I new as soon as I had completed Part 3 and received my tutors report that I wanted to take some of the materials I had gathered for part 3 and develop some of those samples further. I knew I had held back with some materials foolishly and, I needed to make sure I got a grip of letting materials take me to where they could go. I had been blocking their progress as ‘Something I wanted to tackle for Part 5’. I am so annoyed with myself for doing this as it was short-sighted and I was not pushing myself as I truly want to do so.
I had an idea that was stimulated by visiting Cornelia Parker’s exhibition at the Whitworth gallery, Manchester in April 2015, on a study day with the OCA. I was enamoured with her work and was particularly drawn to her ‘Pornographic’ drawings. In my blog dated June 2nd 2015 I had written: ‘I wanted to see if she had included any of her ‘Pornographic drawings’ as I was referencing them in the Exploring ideas course. The first thing my eyes focussed on was indeed one of those images. Pornographic drawings are prints made using confiscated pornographic films given by H.M Customs, mixed with chemicals which melt the celluloid film into a substance Parker then make prints with. She used the method that produces images in the manner of Rorschach psychological ink blots.’
I wanted to do the same with the negatives I had and also the cine film. I have had both soaking in acetone for weeks and so far little has changed except that the negatives have warped slightly. I had been working on many ‘samples’ by working on using the raw materials I had gathered throughout the Exploring Ideas course. I was conscious when working on Part 3, especially so when my tutor had made this comment:
It stuck a chord as when I had been working on part 3 I had literally become frozen, and was unable to move forward. I noted that I had lost my ability to play and explore playfully with materials as I had a ‘end game’ in mind that I couldn’t shift. This disabled me from getting the most out of the materials I had used. I connected it with my year of working on the Introduction to printing that had me focussed on producing and end product -print- in mind and then planning how to get there. I had struggled with this course and it had permeated into every pore and creative habit. One good thing that did arise from it was that because of that struggle with printing I had learned a lot about how I naturally prefer to work, think, problem solve and also how tenacious I can be in trying to solve a problem or master a technique.
I was at the stage of resigning myself to not being able to make the July assessment, which was a target of mine when I decided to review again the samples I had been working on for weeks. I had gathered the materials I had and started to break down some mental barriers I had about where I was going. I had bags of distemper, 4 reels of cine film numerous negatives of 35mm and medium format, old Polaroid film, a large piece of fabric that had been soaking for 9 months in vinegar and wrapped around an iron grate from the workhouse and slate roof tiles from the workhouse buildings.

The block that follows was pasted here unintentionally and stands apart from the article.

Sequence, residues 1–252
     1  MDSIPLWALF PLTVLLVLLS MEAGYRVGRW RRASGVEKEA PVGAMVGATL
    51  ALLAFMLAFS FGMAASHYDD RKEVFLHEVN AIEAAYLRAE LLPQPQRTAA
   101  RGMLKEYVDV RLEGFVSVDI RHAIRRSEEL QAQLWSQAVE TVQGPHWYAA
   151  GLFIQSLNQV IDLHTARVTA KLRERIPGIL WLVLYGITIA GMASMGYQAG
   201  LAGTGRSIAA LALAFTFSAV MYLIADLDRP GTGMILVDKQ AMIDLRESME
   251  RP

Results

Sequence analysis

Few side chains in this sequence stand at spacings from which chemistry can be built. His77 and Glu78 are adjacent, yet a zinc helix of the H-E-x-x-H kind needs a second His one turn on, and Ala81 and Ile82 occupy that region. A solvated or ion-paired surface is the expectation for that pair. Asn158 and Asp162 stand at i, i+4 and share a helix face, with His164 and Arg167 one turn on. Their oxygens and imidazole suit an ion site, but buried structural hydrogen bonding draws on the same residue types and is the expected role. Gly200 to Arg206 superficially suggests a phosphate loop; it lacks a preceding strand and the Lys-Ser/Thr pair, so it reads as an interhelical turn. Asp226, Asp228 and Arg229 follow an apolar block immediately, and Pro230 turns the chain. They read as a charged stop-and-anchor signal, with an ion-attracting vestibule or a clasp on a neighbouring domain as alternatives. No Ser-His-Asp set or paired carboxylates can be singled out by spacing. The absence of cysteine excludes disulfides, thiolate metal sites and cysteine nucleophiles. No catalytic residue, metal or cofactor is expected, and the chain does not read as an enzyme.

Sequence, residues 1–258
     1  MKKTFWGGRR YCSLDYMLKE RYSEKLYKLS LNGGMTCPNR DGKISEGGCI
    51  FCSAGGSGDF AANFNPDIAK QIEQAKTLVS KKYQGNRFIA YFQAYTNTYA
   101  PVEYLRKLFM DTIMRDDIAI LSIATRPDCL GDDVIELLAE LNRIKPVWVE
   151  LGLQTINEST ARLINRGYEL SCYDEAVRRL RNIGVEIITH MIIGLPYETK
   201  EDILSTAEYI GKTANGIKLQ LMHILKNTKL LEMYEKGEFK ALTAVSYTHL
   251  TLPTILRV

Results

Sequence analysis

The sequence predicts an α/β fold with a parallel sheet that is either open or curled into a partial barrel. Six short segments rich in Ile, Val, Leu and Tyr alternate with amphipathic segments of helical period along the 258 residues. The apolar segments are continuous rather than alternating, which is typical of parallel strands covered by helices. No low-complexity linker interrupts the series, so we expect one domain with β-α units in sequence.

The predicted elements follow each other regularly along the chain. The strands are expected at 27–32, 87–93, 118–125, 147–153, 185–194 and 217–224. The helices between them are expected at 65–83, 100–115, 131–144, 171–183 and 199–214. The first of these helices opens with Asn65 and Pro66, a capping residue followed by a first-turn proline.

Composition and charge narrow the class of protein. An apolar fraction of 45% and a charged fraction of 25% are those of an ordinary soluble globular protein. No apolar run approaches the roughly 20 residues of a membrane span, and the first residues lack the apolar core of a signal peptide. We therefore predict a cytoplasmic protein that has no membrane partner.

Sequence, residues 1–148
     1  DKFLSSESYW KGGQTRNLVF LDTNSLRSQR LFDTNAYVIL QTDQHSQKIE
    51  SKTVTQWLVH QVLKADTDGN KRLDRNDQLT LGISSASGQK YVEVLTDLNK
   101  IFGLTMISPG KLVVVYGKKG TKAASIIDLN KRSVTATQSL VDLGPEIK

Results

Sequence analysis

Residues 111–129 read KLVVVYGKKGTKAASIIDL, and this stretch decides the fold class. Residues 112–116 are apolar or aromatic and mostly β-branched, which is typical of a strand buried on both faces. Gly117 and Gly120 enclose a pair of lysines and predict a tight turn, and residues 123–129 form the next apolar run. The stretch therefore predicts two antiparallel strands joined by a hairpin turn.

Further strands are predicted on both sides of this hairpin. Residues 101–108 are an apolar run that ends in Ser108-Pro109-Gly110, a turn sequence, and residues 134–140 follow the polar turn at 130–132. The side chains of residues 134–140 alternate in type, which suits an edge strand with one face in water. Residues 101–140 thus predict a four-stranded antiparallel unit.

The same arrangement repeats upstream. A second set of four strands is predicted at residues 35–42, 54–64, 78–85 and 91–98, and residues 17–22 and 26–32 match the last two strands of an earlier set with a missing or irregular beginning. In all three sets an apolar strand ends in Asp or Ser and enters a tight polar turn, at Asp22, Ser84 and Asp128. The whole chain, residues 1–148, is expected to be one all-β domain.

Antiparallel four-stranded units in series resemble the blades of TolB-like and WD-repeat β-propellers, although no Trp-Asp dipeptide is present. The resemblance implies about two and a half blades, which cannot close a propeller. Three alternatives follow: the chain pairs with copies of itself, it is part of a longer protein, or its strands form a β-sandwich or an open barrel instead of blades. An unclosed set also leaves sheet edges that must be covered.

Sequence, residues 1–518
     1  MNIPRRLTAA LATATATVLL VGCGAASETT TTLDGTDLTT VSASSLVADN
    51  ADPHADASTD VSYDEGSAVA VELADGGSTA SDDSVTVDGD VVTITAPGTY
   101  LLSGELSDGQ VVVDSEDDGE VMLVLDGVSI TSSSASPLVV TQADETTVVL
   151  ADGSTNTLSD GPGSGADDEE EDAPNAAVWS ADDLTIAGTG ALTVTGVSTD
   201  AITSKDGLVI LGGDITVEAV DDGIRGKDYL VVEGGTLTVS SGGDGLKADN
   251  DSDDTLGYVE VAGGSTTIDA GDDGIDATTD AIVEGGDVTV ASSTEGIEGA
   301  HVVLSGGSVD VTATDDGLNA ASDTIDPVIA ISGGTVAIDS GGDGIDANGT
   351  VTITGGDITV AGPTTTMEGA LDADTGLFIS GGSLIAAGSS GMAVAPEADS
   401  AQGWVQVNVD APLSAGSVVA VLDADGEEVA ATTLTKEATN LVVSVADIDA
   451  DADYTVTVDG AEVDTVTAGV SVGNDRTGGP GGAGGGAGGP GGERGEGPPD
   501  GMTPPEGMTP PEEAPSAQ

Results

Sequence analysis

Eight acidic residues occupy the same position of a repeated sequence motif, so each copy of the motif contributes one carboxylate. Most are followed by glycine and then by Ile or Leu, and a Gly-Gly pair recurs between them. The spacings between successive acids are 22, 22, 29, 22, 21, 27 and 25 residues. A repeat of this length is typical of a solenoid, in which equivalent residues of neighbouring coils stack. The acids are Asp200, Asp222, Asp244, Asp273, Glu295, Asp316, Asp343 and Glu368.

The raw materials:
Though I was working with materials I had gathered which related to my ancestry I wanted to look beyond any preconceived ideas I had about the end product, personal piece and allow myself to be led by those materials to a destination I knew not where or how. I needed to surrender to the process again. A lost skill. I soaked some in acetone as previously mentioned and then I set about looking at what I could do with the distemper as I had so much of it. The volume of distemper took away any nerves about using all I had to sample and nothing left to create a ‘finished piece’. it had been in my studio for nearly a year now and has dried out into small crusted blocks and dust. My first thought was how can I turn this into something I could work with? My tutor had commented that:
I felt I had validation that there was something in the distemper that I had to find and bring out. I knew I could only do this with experimenting. I decided to mix some with gesso and apply it to calico and also to a box canvas. I wanted to have some fabric I could manipulate after the mix had set in order to see what would be left if I crunched and broke up the dried paste.
I felt I then had to look at ways of containing the dust and small crusts of the distemper. I ripped muslin and made a long tube from it, stitching the sides and I also sectioned it with stitching as I didn’t want it to all drop to the bottom and re-create the bag that it had been collected in.
I stitched together medium format negatives to form a pocket and filled them with distemper, as well as stitching medium format negatives to muslin and filling them with distemper.